How to Prepare for and CRUSH Your Next Talk

“Your commitment to your audience will determine their commitment to your message”.

In my experience presenters, leaders, and influencers who create the biggest impact with their presentations have one thing in common: they spend significant amounts of time preparing and rehearsing their talks.

Recently I had the honor of speaking to 2,500 leaders in the health and wellness industry. As always, I went through my entire presentation preparation and delivery process.

In this post I would like to share with you the process I followed from brainstorming my topic, all the way to delivering my talk. Regardless of the type presentation you do, the type of content you cover, or the size of audience you speak to, I am confident these 10 steps will help you. Here they are:

I – Know your audience and setting
My presentation was for an event called CalJam CalJam is an AWESOME experience that brings together leaders who are interested in increasing their education in the realm of health, wellness, and the environment. This is what I knew about the event…

  • CalJam is high-energy, high-impact, and a super-fun atmosphere (they have rock bands in between speakers).
  • The audience is forward-thinking (they are open to new ideas), which meant I could go full-out!!
  • Most of the audience were doctors or associates of the docs.
Here is the picture of CalJam 2016.

Here is the picture of CalJam 2016.

II – Define the topic / big idea

When selecting the topic for my presentation, I had to keep 3 things in mind:

a) Provide value in my field of expertise (presentation, public speaking, and influence).
b) Explain the science behind my topic and how the audience can apply it.
c) Communicate my message in 20 minutes.

I decided on my topic by asking this question:

In the realm of public speaking and group communication, what are the major challenges for my audience?

I came up with two answers:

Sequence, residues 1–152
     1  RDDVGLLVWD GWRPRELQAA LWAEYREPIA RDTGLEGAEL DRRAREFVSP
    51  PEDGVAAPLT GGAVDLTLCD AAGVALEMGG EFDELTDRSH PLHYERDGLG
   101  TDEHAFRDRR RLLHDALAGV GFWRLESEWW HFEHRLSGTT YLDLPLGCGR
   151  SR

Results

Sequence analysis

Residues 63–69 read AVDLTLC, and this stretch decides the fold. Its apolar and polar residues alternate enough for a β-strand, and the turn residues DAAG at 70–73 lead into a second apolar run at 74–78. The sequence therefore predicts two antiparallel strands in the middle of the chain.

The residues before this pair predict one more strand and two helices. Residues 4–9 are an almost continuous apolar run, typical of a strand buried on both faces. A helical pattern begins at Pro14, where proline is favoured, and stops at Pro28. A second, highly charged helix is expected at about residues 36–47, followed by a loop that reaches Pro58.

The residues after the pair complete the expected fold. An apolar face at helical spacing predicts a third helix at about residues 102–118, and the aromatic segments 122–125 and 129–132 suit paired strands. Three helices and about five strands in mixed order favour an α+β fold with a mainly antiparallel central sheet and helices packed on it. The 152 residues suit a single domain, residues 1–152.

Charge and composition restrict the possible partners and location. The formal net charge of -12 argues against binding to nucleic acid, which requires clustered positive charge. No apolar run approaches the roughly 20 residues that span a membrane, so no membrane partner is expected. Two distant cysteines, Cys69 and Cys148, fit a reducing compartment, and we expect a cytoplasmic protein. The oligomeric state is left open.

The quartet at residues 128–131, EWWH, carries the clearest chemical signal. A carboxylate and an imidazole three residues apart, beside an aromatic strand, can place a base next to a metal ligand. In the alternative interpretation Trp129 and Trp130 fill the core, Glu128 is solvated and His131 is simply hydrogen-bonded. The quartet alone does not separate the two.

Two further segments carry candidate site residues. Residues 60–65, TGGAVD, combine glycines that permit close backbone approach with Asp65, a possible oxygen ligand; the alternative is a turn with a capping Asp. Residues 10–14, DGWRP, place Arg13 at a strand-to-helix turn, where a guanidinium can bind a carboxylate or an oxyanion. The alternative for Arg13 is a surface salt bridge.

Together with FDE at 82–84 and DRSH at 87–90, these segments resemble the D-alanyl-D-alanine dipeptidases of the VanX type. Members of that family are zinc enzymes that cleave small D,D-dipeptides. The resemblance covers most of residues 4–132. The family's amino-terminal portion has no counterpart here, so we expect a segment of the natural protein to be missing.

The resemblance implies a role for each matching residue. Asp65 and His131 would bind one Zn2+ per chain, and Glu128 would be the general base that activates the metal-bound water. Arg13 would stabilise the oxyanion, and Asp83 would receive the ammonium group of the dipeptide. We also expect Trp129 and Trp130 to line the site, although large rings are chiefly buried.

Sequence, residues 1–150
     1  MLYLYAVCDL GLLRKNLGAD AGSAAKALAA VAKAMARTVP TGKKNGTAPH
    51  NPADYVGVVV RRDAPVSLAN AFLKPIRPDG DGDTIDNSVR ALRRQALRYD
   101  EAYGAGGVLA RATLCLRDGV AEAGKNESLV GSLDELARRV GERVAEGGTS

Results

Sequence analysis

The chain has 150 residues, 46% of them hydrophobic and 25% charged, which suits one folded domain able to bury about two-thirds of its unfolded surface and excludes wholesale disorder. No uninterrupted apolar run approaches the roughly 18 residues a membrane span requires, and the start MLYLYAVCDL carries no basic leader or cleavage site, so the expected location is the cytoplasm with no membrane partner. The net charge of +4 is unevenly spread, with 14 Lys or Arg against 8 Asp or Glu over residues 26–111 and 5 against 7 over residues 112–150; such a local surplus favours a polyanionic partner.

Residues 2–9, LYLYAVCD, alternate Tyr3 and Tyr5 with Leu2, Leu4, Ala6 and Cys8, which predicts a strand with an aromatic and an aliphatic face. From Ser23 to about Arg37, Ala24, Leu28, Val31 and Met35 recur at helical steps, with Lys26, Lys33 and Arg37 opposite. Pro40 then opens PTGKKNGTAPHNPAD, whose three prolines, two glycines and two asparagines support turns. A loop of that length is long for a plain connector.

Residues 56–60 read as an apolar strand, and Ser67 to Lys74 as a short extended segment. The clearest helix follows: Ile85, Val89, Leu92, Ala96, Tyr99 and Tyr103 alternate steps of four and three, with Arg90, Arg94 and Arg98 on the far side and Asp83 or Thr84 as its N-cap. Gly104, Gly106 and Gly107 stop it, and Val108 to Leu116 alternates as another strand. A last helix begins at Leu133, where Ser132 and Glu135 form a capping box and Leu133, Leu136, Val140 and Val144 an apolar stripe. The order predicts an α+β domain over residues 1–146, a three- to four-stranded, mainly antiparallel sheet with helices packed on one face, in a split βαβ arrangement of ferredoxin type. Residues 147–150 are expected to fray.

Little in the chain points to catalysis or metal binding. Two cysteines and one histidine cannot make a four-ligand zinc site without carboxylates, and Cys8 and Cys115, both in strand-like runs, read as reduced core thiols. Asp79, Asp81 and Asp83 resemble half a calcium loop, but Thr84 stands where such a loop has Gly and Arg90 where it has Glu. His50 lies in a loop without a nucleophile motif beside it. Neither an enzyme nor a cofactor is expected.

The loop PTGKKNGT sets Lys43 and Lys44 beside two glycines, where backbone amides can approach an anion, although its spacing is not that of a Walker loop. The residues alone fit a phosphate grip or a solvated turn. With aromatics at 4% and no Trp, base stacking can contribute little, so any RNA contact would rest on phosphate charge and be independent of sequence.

a) They may not be speaking to groups because they allow fear to block them.

b) They may be currently speaking but are not happy with their conversion (sales) during their presentations.

I have been addressing theses issues at our two public speaking seminars for the last 7 years (Influencing From The Front For The Business Speaker/ Influencing From The Front For The Chiropractor) programs, so I already had a solution for these.

The next step was to connect those problems with the science behind presenting so that my talk would meet their requirements. I came up with the following BIG idea for my presentation:  “The Psychology Of Presenting To The Brain”

III – Brainstorm my BIG idea
During our Influencing From The Front programs, (Chiro /Business speaker) I cover this process in detail.  In short,  I wrote my Big Idea in the middle of my brainstorm wheel and I started answering questions to prompt my thinking. For example, I may ask questions like:

  • What is the science behind presenting to the brain?
  • Why does my audience need to know this?
  • Why don’t most people know how to present to the brain?
  • What is the danger if they don’t know how to present to the brain?
  • How do they present to the brain?
  • What if they do present properly to the brain, what are the results?
  • Who is involved/impacted in this process?
  • When does it take place?
  • Where does it take place?
  • What is the next step?

You get the idea. Using this process, I was able to generate A LOT of ideas and fresh content.

The brainstorming wheel

The brainstorming wheel

IV – Create a persuasive presentation structure
Once I had brainstormed my ideas, I used our InfluenceOlogy presentation system to organize my talk. The major parts of my talk were: Opening, Pre-frame, Body, Pre-close, Close.

The Presentation Structure

The Presentation Structure

Opening: Is where I engage my audience, create curiosity and start creating the need for the content.

Now, if you see the title of the presentation “The Psychology Of Presenting To The Brain” and a guy walks in carrying a basketball, how curious are you going to be? 

Now, if you see the title of the presentation “The Psychology Of Presenting To The Brain” and a guy walks in carrying a basketball, how curious are you going to be?

Pre-frame: It is where I position my message and myself (my story)

Body: Has two major parts: the problem and the solution

The problem: I created a skit (see picture below) to demonstrate the problems that most presenters have when presenting to the brain that leads to poor conversion (sales) and uncertainty.

In this picture, my 3 friends, Dr. Brian Capra, Dr. Fred DiDomenico and Chris Lippe and I are demonstrating to the audience “The Psychology Of Presenting To The Brain - the rational brain, me, the emotional brain and the reptilian brain)